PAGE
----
32 tn The expression “tree of the knowledge of good and evil” must be interpreted to mean that the tree would produce fruit which, when eaten, gives special knowledge of “good and evil.” Scholars debate what this phrase means here. For a survey of opinions, see G. J. Wenham, Genesis (WBC), 1:62–64. One view is that “good” refers to that which enhances, promotes, and produces life, while “evil” refers to anything that hinders, interrupts or destroys life. So eating from this tree would change human nature – people would be able to alter life for better (in their thinking) or for worse. See D. J. A. Clines, “The Tree of Knowledge and the Law of Yahweh,” VT 24 (1974): 8-14; and I. Engnell, “‘Knowledge’ and ‘Life’ in the Creation Story,” Wisdom in Israel and in the Ancient Near East [VTSup], 103–19. Another view understands the “knowledge of good and evil” as the capacity to discern between moral good and evil. The following context suggests the tree’s fruit gives one wisdom (see the phrase “capable of making one wise” in 3:6, as well as the note there on the word “wise”), which certainly includes the capacity to discern between good and evil. Such wisdom is characteristic of divine beings, as the serpent’s promise implies (3:5) and as 3:22 makes clear. (Note, however, that this capacity does not include the ability to do what is right.) G-d prohibits man from eating of the tree. The prohibition becomes a test to see if man will be satisfied with his role and place, or if he will try to ascend to the divine level. There will be a time for man to possess moral discernment/wisdom, as G-d reveals and imparts it to him, but it is not something to be grasped at in an effort to become “a G-d.” In fact, the command to be obedient was the first lesson in moral discernment/wisdom. G-d was essentially saying: “Here is lesson one – respect my authority and commands. Disobey me and you will die.” When man disobeys, he decides he does not want to acquire moral wisdom G-d’s way, but instead tries to rise immediately to the divine level. Once man has acquired such divine wisdom by eating the tree’s fruit (3:22), he must be banned from the garden so that he will not be able to achieve his goal of being G-dlike and thus live forever, a divine characteristic (3:24). Ironically, man now has the capacity to discern good from evil (3:22), but he is morally corrupted and rebellious and will not consistently choose what is right.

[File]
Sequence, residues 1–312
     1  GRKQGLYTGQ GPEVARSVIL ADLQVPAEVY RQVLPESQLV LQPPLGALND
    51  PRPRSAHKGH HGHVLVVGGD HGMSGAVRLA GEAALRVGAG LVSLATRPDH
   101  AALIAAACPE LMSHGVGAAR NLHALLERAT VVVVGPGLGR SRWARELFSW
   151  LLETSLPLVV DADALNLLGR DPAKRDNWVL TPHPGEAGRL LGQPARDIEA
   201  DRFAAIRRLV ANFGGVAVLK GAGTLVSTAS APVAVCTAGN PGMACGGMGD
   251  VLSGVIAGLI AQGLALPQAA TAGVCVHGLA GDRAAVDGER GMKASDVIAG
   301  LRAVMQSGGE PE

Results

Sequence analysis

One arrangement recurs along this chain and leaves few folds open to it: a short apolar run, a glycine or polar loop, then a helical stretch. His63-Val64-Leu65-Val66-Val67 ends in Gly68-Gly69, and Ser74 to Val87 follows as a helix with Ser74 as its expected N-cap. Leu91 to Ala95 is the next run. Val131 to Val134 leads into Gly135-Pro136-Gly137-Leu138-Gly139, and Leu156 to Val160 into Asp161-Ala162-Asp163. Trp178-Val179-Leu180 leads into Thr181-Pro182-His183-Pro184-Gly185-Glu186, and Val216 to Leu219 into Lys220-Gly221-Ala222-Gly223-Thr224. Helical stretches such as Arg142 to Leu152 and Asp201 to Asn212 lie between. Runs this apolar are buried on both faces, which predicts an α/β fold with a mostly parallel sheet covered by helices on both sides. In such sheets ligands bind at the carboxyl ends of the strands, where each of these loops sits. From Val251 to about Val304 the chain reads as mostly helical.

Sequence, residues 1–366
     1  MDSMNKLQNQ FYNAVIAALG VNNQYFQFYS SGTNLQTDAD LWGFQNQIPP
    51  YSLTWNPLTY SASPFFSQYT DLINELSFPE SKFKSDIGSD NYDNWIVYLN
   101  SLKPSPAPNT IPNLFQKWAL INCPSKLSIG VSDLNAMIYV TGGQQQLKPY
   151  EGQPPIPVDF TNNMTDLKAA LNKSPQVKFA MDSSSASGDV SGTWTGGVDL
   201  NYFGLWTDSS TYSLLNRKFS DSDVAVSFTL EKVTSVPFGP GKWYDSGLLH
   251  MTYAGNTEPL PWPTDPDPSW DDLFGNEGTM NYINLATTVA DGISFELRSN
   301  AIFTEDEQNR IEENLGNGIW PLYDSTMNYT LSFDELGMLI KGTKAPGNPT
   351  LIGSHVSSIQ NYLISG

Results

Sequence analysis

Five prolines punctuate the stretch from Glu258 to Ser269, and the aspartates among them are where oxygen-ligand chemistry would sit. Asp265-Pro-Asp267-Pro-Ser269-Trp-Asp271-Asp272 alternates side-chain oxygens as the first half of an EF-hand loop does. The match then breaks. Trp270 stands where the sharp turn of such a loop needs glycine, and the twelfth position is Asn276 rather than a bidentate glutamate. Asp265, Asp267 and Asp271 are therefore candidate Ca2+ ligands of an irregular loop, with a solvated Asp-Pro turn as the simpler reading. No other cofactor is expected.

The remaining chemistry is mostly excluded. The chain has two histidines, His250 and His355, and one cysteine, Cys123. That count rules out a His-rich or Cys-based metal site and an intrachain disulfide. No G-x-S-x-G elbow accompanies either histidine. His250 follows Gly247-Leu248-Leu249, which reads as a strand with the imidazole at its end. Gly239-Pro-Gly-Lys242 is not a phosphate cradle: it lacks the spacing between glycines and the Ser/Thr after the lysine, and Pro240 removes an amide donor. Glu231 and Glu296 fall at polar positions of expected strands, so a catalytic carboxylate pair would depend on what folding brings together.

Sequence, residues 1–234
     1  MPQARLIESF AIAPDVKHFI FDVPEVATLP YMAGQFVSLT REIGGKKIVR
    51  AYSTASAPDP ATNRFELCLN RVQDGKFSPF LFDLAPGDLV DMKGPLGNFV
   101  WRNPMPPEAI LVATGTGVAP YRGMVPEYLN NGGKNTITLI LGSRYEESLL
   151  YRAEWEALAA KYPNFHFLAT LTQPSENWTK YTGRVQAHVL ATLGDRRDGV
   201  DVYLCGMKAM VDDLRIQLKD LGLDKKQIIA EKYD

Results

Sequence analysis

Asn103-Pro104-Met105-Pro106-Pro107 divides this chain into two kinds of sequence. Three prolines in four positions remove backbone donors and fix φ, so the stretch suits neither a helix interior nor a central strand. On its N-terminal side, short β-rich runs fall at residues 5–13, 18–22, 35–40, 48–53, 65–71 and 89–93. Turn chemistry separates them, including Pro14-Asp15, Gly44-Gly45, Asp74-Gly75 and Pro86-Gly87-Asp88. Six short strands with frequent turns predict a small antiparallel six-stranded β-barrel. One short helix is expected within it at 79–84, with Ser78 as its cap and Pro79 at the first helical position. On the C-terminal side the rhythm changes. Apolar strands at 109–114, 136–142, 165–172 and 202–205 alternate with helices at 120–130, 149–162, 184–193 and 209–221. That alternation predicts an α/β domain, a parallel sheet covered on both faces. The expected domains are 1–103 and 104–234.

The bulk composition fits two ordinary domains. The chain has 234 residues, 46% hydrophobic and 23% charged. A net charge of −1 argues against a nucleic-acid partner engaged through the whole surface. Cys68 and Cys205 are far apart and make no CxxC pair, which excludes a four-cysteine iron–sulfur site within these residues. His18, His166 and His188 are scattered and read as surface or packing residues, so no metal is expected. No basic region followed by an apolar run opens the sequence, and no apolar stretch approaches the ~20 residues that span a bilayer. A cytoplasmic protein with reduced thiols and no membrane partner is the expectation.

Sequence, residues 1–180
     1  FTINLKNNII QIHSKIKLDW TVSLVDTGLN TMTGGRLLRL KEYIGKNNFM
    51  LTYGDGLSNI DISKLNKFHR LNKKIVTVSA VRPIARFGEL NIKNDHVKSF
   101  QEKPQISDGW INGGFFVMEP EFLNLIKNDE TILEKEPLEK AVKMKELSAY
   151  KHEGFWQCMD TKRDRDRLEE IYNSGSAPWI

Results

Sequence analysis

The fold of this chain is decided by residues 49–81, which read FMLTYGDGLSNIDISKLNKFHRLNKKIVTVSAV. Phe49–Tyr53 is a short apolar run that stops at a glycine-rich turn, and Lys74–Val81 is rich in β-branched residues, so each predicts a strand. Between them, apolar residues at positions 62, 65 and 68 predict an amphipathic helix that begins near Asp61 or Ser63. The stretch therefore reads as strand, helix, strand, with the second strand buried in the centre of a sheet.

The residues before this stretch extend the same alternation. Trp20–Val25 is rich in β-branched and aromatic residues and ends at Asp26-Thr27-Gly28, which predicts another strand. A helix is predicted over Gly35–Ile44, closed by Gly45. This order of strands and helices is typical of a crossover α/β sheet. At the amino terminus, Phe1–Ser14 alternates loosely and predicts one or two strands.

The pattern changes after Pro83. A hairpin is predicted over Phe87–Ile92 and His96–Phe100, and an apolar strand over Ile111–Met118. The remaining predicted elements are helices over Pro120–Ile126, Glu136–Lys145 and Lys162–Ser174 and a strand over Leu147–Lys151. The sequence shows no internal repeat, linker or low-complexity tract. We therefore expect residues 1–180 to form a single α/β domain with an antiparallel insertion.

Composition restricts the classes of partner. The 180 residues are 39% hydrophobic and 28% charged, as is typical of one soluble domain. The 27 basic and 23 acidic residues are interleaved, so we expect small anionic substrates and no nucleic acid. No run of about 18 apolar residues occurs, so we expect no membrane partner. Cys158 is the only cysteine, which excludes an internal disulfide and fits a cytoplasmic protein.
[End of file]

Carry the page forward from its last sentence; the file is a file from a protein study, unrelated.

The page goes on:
·         End NET® Bible Notes
[xviii]  Biblical Studies Press. (2006; 2006). The NET Bible First Edition; Bible. English. NET Bible.; The NET Bible. Biblical Studies Press.
[xix] From: UNIVERSAL-TIMELINE 2015-03-03T19:56:13Z UniversalTimeline.lbsut; Logos Bible Software 6.1 SR-, ©2000-2015, Faithlife Corporation